This American collection should therefore be appreciated for what it is now: not a faithful reflection of the entire history of American art, nor even of American art done in France (considering the absence of Cassatt, Whistler, Butler, Saint-Gaudens, Man Ray, etc.), but as a sketch of what the future collection will be, combining American works related historically to France with the other aspect of the collection: the works of French artists who worked in the United States.

This second aspect of the collection whose purpose is to put the first into perspective and to dispel the false, but widespread, notion according to which only American artists succumbed to the appeal of the transatlantic crossing (in the 19th century, anyway), is not very developed yet. The French state never had any particular purchasing policy in this respect, and it goes without saying that works made in the United States by French artists who settled there only rarely made their way to France: they are for the most part in American museums, unknown to the French public. The big names in modern art are also absent: the few American works by Gleizes, Picabia and Duchamp in French collections will stay in the Musée National d'Art Moderne. Be that as it may, nostalgia or gratitude towards their native country led certain artists less well known to make gifts to French museums, and loans of these and generous gifts, along with our recent purchases (sometimes made from heirs), form the core of the French collection, which we hope to expand in the near future.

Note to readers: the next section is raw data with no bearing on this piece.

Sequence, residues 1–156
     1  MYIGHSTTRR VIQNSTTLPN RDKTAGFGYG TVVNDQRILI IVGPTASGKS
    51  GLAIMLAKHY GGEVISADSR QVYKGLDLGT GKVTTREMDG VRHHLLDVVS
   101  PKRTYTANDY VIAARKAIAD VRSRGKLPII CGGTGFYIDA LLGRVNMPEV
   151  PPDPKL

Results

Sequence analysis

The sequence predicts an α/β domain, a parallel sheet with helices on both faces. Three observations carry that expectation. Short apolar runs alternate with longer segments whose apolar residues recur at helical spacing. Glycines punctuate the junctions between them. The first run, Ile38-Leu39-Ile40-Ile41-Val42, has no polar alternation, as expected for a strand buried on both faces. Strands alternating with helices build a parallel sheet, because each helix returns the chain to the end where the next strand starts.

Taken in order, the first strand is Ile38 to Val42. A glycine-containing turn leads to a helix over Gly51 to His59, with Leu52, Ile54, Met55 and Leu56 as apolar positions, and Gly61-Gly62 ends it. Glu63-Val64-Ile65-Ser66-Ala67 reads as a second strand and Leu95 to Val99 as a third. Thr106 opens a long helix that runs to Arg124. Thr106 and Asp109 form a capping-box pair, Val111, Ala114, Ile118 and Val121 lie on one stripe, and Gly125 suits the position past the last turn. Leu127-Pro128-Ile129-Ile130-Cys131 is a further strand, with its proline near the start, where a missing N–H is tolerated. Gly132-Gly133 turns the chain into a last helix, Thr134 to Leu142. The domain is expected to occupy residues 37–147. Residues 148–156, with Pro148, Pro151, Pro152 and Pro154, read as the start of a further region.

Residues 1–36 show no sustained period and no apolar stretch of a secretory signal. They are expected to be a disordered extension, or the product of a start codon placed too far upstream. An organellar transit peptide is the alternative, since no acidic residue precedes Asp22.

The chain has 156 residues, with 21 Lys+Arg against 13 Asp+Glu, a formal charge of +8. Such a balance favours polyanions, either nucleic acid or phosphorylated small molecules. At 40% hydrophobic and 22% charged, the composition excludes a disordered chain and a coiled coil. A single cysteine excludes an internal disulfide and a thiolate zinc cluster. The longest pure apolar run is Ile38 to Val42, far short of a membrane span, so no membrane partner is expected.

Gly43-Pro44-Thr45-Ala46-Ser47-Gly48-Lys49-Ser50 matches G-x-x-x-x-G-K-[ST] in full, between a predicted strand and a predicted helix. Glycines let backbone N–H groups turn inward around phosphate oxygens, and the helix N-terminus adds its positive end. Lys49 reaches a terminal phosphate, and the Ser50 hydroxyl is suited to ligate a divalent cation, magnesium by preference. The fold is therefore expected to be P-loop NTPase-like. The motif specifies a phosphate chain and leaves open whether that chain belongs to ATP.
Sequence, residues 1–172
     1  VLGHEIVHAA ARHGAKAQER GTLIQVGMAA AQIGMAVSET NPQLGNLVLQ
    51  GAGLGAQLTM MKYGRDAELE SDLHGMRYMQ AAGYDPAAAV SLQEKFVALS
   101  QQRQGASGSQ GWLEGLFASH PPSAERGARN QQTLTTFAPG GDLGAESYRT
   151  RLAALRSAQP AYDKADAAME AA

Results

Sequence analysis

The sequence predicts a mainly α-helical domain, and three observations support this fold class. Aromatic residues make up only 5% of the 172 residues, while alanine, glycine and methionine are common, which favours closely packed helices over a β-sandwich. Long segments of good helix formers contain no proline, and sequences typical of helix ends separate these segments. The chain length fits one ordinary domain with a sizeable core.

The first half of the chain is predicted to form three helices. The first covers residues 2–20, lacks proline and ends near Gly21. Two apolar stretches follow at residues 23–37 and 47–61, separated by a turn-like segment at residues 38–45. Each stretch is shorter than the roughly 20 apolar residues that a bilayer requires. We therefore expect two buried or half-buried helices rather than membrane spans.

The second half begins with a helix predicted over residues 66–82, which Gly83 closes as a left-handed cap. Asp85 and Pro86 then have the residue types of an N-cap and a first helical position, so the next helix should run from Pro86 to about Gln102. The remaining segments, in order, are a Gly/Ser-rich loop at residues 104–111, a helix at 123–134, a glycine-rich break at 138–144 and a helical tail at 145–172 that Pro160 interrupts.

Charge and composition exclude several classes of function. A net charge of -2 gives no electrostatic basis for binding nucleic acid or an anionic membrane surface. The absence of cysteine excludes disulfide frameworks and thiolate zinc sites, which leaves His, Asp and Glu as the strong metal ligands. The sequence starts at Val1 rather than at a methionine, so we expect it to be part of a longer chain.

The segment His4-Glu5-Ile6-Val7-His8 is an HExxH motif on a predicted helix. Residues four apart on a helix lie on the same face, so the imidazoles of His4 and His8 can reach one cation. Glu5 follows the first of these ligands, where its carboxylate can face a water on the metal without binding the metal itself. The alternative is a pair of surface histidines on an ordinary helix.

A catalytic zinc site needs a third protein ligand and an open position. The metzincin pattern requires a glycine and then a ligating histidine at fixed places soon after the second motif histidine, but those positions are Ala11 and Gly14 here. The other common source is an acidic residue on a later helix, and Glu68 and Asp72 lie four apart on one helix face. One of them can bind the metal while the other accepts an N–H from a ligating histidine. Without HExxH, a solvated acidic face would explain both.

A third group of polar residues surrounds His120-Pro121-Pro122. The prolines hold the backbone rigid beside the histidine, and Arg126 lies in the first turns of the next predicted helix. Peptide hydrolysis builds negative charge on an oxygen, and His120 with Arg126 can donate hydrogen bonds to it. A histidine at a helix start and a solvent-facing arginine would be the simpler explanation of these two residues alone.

Véronique Wiesinger, Petit Journal, July 1989

For the next four years, before moving on to become curator of the Museum of the Legion of Honor, Véronique Wiesinger, with the support of Pierre Rosenberg, helped consolidate the revived museum's infrastructure: library, archives, graphic arts room. She also organized a number of impressive summer exhibitions, complete with scholarly catalogs: Paris Bound, Americans in Art Schools, 1868-1918; American Drawings in the French National Collections from 1760 to 1945; Crossing Paths: 400 Years of Franco-Indian Relations; The Americans of the Legion of Honor, 1853-1947. At the same time, the historical collections relating to the American War for Independence were put in storage, until the pavilion housing them could be redone. Various evaluative studies were carried out. Then, at the end of 1993, a new chief curator replaced both Pierre Rosenberg and Véronique Wiesinger: Philippe Grunchec, formerly a curator at the Ecole des Beaux-Arts. In 1998, the museum was once again put under the direction of the National Museum at Compiègne, and Mr. Grunchec was replaced by the present curator, Anne Dopffer.

Meanwhile, the modern AFS world was beginning to rediscover "its" museum in France. A75th anniversary celebration of AFS's beginning was held at Blérancourt in 1990. A temporary exhibit of AFS in WWII was held in the summer of 1991. AFS-Vivre Sans Frontière regularly brought its host students to visit the museum at the end of their stay. An AFS signpost was installed with ceremony outside the entrance to the museum.

 

THE VILLAGE OF BLERANCOURT

The town of Blérancourt numbers about 1200 inhabitants. It was mostly destroyed during WWI and then rebuilt, often out of the original stone which bears the scars of bullets and shrapnel. Past the Town Hall, the Orphanage ---one of the Potiers de Gesvres family's good works--- still stands in excellent condition. Beyond, the church on the hill, also hard hit by the war, houses the remains of the Marquis and Marquise of Blérancourt in its crypt. In the shelter of its west wall, lies the tomb of Anne Murray Dike who, a Protestant, could not have been buried in the church cemetery, but whose grave here has the place of honor. The inscription on the stone over the tomb reads: